Schlafly's Son: Out Of The Gop Closet

Long before "family values" became an election year mantra for the Republican Party, Phyllis Schlafly was a frontline soldier for the conservative social agenda. The founder of the influential Eagle Forum has waged war against abortion, the equal rights amendment, sex education in the public schools and so-called alternative lifestyles. At the GOP convention in Houston last month she supported the party platform's condemnation of same sex marriages and gay civil rights. But last week her 41 year-old son confirmed that Schlafly's own family life has been something less than the Ozzie and Harriet ideal so righteously extolled by conservatives. In an interview with the San Francisco Examiner, Schlafly's son acknowledged that he was gay.

However, John Schlafly, an attorney who lives with his parents in Alton, Ill., emerged from the closet with indignation not for conservatives but for other gays. He steadfastly defended the Republican platform and his mother, who he said was "not a monster." He told The Washington Post that "a band of screechy gay activists and Washington based pressure groups" had hysterically overreacted to events in Houston."The truth is: family-values people, of which my mother is a part, are not out to bash gay people," said Schlafly, who was "outed" earlier this month by QW, a New York-based gay weekly. He even had praise for former presidential candidate Pat Buchanan, who encouraged GOP delegates to wage a "cultural war" on homosexuals.

Gay leaders lauded Schlafly's coming out but offered no support for his politics or for his defense of his mother. "While his is an important step, I have to respectfully disagree with his defense of the indefensible," says Urvashi Vaid, president of the National Gay and Lesbian Task Force. "Phyllis Schlafly is not a disinterested bystander. She is one of a handful of leaders of the far right."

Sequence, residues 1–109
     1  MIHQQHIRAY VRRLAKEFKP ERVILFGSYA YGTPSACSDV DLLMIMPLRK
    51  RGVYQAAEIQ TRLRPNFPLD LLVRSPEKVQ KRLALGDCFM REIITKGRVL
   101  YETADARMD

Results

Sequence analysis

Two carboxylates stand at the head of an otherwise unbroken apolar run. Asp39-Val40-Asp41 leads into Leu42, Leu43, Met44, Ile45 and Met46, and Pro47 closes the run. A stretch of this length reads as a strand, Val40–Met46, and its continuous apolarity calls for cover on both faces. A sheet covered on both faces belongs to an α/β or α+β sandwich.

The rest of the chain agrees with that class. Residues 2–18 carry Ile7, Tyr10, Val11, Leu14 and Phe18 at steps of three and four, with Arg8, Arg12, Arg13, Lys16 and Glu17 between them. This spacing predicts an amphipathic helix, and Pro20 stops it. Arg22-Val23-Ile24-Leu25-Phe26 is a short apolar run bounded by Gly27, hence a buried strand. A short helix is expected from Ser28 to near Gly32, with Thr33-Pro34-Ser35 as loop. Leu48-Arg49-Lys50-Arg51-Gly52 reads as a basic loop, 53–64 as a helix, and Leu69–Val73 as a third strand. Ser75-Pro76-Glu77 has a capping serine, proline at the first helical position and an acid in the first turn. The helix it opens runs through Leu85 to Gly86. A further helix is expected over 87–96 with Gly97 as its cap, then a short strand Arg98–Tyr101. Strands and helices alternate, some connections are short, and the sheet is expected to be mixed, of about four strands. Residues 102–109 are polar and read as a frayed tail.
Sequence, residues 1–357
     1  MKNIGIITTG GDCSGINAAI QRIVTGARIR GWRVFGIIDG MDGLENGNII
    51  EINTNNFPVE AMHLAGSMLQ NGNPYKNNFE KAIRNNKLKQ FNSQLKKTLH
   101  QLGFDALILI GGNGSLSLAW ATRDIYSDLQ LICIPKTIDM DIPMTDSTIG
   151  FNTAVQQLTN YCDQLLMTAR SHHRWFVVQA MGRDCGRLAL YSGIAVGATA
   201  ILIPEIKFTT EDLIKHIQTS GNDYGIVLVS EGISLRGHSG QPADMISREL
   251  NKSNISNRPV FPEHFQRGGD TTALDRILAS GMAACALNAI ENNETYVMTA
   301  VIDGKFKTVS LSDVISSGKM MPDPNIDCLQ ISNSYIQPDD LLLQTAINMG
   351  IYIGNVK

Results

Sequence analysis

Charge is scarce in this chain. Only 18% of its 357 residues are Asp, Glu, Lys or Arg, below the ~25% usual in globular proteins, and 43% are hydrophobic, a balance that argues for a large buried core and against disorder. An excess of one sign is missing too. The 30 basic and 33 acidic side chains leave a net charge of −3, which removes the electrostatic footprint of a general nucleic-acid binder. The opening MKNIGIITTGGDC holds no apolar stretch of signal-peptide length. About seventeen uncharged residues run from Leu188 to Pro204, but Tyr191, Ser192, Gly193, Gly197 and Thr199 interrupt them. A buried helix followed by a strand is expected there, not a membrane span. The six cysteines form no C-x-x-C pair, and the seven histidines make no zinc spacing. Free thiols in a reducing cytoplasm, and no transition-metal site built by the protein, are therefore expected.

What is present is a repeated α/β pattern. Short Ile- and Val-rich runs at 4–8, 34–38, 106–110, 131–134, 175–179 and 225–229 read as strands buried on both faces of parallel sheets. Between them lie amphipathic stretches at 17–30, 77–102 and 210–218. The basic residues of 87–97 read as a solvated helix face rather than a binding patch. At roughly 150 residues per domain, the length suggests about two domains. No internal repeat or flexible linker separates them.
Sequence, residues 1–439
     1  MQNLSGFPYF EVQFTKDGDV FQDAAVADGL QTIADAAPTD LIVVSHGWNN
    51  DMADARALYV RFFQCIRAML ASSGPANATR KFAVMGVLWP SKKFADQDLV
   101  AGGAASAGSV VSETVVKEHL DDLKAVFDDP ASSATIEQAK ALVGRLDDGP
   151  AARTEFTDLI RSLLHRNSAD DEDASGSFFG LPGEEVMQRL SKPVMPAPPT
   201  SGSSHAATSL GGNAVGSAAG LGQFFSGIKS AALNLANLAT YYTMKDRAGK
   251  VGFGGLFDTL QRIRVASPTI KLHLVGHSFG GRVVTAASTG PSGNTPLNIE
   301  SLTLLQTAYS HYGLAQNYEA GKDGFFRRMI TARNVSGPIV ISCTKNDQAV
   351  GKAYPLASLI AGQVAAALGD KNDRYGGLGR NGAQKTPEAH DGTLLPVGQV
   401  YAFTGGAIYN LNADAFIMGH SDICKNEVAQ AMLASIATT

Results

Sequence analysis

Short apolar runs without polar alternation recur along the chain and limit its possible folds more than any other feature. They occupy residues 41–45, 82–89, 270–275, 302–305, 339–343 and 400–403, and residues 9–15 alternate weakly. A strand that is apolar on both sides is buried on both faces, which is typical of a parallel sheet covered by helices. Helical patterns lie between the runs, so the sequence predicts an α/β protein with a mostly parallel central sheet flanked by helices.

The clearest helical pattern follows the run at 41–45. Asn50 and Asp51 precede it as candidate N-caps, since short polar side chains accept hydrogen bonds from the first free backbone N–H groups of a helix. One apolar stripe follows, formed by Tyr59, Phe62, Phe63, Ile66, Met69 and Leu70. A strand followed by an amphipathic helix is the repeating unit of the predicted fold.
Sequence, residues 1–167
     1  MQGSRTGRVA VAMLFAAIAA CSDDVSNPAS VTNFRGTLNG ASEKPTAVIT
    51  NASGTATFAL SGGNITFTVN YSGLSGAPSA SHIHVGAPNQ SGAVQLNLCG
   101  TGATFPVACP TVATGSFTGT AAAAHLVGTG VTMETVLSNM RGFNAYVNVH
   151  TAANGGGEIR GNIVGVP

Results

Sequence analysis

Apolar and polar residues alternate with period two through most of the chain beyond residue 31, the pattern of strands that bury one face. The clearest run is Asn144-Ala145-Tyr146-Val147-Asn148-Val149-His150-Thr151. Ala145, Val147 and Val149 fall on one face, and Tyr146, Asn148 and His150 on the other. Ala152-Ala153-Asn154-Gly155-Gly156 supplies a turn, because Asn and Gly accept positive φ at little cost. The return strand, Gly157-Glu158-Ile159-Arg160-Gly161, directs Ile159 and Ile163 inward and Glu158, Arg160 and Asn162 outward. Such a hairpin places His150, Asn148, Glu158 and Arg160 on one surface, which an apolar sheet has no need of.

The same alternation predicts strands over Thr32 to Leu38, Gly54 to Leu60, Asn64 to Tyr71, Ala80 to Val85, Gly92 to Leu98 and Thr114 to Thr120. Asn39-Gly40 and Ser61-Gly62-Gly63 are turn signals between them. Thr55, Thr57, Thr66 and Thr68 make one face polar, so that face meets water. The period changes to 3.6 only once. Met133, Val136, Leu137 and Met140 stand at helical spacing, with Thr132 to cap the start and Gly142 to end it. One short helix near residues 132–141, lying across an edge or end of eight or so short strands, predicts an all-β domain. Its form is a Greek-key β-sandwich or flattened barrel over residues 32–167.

Schlafly stopped short of supporting her son's sexual orientation last week. " I love my son," she told the Post. "But all my children are adults and lead their own lives." She also scoffed at suggestions that she's a hypocrite, calling herself "the most tolerant person in the world." She said her political enemies were trying to exact revenge by exploiting her son. " I think it's obviously a political hit to me, the whole story," she said. " I was extremely successful in Houston and a lot of people are unhappy about that." While anti-gay and "family values" rhetoric raged in Houston, Republicans have softened some of their stronger attacks after polling data warned that i was alienating moderates.

While the GOP may be backpedaling, Phyllis SchlafIy isn't likely to follow. In an interview with NEWSWEEK editors and reporters in Houston last month, Schlafly was asked whether she could ever ally herself with uncloseted gay conservatives who agree with her on the issues. " If they get elected to some position, that probably is not a problem. Or if I don't know about it, it isn't a problem. I'm certainly not going to seek them out." Now Phyllis Schlafly doesn't have to look much farther than under her own roof.